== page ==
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While the editorial staff prepares a more detailed feature on Tubbs and his music, we thought we’d revisit “how it all began” by using his performance of Tin Tin Deo as the soundtrack to the following video montage which salutes some of
’s earlier Jazz record companies. England
Recorded in London in December, 1959 and subsequently issued on CD by Jasmine records as Tubby Hayes – “The Eight Wonder” [JASCD 611], the idea, according to Tony Hall who produced the date, “was to use pianist Terry Shannon, bassist Jeff Clyne and drummer Phil Seamen in their primary role as an accompanying rhythm section thus allowing Tubby to stretch out and just blow with no restrictions whatever on the time.”
Richard Cook and Brian Morton had this to say about Tubby’s efforts on “The Eight Wonder” [JASCD 611], in the Penguin Guide to Jazz on CD, 6th Ed.:
“The Eight Wonder gets top rating [4 stars]… it is perhaps Hayes’ most eloquent showcase. It’s true that the virtuosity of Tin Tin Deo comes out of his horn all too easily; almost as if it were a routine that he’d mastered without thinking, but it’s hard not to enjoy the spectacle of … the tough-minded improvising.”
Hayes recorded prolifically, but the quality of these recordings are uneven at best.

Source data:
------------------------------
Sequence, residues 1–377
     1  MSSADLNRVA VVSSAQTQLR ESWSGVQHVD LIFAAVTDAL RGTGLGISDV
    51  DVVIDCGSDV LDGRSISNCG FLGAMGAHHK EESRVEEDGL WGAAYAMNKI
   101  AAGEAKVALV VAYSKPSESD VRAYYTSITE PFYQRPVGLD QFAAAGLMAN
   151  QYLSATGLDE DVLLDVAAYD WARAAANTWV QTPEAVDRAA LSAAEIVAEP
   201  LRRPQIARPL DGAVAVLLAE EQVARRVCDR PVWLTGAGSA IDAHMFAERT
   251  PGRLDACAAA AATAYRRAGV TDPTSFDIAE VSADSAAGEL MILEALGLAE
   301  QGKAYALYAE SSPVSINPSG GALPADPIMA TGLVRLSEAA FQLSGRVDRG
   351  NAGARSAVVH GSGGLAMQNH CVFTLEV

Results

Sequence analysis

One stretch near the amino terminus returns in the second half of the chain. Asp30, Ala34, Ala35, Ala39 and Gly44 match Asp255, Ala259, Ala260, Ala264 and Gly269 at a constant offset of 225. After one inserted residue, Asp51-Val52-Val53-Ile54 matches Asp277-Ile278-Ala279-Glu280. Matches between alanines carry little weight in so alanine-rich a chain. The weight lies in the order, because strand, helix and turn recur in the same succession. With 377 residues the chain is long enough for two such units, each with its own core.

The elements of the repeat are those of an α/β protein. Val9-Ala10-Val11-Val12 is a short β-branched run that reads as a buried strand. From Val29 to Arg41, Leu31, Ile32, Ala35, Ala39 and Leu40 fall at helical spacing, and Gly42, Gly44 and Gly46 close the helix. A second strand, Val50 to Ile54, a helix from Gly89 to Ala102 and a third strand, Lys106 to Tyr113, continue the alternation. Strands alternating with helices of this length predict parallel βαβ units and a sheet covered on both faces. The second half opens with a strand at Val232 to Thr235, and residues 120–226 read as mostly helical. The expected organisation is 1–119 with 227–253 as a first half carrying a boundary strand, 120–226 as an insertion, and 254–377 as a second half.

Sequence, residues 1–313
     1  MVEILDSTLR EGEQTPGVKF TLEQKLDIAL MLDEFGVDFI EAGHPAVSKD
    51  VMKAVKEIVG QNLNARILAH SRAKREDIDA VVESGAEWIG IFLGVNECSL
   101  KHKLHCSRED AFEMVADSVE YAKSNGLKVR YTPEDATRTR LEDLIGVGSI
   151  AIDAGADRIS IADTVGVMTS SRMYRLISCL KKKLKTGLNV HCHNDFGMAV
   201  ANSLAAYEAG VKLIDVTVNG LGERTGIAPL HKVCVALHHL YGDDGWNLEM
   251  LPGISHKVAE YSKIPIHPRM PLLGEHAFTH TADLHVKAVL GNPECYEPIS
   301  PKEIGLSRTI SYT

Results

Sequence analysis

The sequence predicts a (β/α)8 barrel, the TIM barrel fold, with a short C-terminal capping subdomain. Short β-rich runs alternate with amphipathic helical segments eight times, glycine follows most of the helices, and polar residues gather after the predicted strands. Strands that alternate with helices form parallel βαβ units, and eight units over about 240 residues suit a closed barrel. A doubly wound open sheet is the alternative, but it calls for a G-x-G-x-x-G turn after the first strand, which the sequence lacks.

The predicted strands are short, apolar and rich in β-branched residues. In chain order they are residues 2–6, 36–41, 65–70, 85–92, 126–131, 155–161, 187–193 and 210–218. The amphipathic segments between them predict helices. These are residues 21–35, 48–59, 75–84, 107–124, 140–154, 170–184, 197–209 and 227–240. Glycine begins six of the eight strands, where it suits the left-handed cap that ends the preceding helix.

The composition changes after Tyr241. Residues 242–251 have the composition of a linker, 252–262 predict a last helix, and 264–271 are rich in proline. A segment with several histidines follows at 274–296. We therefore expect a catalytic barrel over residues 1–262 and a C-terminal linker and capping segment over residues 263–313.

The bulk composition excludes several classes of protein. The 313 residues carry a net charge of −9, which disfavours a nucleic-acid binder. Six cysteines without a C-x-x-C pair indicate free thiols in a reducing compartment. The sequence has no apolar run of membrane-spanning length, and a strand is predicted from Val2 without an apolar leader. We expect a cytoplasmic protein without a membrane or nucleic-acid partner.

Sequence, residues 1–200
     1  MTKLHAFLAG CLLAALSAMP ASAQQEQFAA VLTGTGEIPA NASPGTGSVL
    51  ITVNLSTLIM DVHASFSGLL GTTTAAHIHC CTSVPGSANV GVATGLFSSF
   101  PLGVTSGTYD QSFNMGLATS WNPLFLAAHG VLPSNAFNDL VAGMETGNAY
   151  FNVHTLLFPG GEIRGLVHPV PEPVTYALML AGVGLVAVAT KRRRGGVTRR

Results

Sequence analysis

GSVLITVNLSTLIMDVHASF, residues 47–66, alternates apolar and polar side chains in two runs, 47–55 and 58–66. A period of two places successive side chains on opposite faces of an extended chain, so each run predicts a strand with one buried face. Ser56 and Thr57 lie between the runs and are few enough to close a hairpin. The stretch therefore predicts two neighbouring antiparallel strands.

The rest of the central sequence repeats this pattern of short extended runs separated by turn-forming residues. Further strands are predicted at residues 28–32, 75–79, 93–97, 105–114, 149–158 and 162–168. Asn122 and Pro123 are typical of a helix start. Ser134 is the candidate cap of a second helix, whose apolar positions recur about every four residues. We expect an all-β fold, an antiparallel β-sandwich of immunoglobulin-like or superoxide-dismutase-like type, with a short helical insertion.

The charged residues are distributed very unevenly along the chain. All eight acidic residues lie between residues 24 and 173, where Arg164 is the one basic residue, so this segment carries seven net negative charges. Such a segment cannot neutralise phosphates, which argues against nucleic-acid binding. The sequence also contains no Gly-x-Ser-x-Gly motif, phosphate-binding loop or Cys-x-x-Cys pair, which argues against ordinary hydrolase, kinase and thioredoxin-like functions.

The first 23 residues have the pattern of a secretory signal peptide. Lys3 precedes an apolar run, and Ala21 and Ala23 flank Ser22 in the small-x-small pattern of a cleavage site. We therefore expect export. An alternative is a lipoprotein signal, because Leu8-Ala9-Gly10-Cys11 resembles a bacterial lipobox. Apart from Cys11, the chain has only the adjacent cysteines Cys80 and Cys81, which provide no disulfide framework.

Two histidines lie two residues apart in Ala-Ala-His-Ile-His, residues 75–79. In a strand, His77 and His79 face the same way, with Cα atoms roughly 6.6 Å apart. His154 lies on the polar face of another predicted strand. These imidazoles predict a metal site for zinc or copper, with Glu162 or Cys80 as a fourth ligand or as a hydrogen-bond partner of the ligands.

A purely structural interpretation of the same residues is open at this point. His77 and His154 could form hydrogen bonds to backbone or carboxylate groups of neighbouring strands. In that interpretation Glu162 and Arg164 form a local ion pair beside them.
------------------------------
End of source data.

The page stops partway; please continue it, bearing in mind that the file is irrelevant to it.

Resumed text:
Cook and Morton perhaps offer an explanation for this paradox when they observe:
“Tubby Hayes has often been lionized as the greatest saxophonist
ever produced. He is a fascinating but
problematical player. Britain
Having put together a big, rumbustious tone and a delivery that features sixteenth notes spilling impetuously out of the horn, Hayes often left a solo full of brilliant loose ends and ingenious runs that led nowhere in particular.
Most of his recordings, while highly entertaining as exhibitions of sustained energy, tend to wobble on the axis of Hayes's creative impasse: having got this facility together, he never seemed sure of what to do with it in the studio, which may be why his studio records ultimately fall short of the masterpiece he never came to make.”
While I agree in the main with Cook and Morton’s assessment of Tubby’s frequently unrealized potential due to what they describe as his “creative impasse,” there are no road blocks or detours ahead in the solo he lays down on Tin Tin Deo.
See what you think.
[Incidentally, for those of you interested in such things, Tin Tin Deo is in the minor with a Latin Jazz feel to all but the bridge. It is of an unusual construction – 48 bars in length comprising two 16 bar sections, a middle 8 in 4/4 time and a final 8 which reverts to the second 8 measures of the 16 bar sections.]